Brendan's story

Brendan's story

Brendan’s story demonstrates the value of mental health system consumers getting access to information about their rights, and support to have a greater say in their treatment.  

Brendan's story. Illustration of three diverse people.

Earlier this year I was admitted to a mental health service after being assessed in the community. My experiences with the treating doctor and his colleagues were horrible. I was diagnosed before I even walked through the door.

The doctor only asked me generic questions, he didn’t respect my rights, so I never trusted him.

When I was brought in, he told me that I was under the Act and that I had to take the medications he said. When I calmly disagreed or refused, he would threaten me with force.

The doctor misconstrued or misrepresented what I would say. This was clearest in a Mental Health Tribunal (MHT) report from the treating team.

There is no accountability for them getting it wrong or misconstruing it.

When I realised how unsafe I was in the service, I learnt about my rights, but it is not easy to exercise your rights when you don’t have any of the information you need.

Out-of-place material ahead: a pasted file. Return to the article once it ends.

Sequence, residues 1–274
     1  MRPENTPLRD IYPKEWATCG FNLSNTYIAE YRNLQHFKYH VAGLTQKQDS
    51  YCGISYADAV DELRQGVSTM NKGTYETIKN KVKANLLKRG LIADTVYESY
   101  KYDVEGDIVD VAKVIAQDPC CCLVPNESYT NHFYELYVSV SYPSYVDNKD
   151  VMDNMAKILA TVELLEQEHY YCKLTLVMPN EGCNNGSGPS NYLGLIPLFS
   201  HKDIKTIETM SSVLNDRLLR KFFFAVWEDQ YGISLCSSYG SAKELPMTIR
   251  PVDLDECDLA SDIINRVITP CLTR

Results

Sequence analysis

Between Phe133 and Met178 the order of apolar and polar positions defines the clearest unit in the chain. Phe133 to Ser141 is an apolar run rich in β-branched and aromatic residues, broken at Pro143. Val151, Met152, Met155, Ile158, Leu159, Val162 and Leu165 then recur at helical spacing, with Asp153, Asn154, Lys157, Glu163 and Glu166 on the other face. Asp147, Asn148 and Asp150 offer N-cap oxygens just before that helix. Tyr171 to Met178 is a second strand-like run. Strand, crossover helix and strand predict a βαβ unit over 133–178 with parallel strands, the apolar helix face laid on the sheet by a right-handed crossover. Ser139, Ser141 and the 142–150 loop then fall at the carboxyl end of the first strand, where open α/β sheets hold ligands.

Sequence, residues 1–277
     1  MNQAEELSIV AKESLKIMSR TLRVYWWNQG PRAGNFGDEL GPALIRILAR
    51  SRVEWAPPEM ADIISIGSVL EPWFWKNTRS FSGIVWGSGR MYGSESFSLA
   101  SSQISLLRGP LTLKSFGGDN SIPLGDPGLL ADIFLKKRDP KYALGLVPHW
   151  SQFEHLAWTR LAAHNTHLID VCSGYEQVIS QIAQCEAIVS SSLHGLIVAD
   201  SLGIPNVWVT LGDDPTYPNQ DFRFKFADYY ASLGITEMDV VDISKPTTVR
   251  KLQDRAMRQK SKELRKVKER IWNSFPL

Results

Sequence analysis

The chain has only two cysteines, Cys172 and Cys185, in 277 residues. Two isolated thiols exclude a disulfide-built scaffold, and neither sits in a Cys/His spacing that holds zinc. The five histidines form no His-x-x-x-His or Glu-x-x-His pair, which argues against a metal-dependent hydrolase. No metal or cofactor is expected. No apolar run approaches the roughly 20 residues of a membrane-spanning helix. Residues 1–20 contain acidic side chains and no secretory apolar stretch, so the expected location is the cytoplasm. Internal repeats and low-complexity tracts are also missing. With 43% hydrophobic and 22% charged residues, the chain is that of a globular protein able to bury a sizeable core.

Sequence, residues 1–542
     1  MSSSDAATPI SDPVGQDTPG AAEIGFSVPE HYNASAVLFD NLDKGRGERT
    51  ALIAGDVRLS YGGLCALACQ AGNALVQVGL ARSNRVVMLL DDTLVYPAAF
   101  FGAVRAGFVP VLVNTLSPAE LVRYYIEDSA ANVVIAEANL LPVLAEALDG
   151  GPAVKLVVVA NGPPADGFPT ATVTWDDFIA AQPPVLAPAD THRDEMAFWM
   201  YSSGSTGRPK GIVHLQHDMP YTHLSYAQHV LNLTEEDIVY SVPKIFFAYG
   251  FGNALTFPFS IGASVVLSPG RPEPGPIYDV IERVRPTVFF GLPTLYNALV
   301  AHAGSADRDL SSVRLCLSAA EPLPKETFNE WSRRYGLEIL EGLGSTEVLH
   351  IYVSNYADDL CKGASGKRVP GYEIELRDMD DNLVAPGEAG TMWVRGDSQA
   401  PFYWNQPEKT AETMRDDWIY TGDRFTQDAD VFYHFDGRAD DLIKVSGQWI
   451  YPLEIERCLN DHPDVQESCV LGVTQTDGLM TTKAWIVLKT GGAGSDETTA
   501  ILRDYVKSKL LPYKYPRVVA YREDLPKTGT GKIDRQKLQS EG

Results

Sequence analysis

In there I tried to access my own clinical notes but I was told I would have to go through this rigorous freedom of information process, so I gave up.

I was fortunate to get help from an advocate and lawyer who helped me make a stand when the doctor tried to increase my medication. At the MHT I was finally able to get a fair hearing. The doctor tried to get another order but the MHT didn’t grant it.

Everyone who goes through the system should have access to a legal and non-legal advocate to help with the MHT and clinicians. There should be a place in the hospital where advocates, lawyers and consumers can go to without interference, kind of like an embassy.

I had a follow up admission recently but with another psychiatrist. My experience was totally different. It was an equal and collaborative relationship. She asked for my story and acknowledged that I know what is going on for me.

How can there be such a big difference between these psychiatrists in the same service?

Psychiatrists need to be trained to understand what it’s actually like to have mental health issues and use services, and there should be more peer support.

Inpatient units should be places of healing. There should be healthy avenues for emotional release, like more musical equipment, exercise and gardening activities.

More information

Read more about Roads to Recovery – Building a Better System for People Experiencing Mental Health Issues in Victoria

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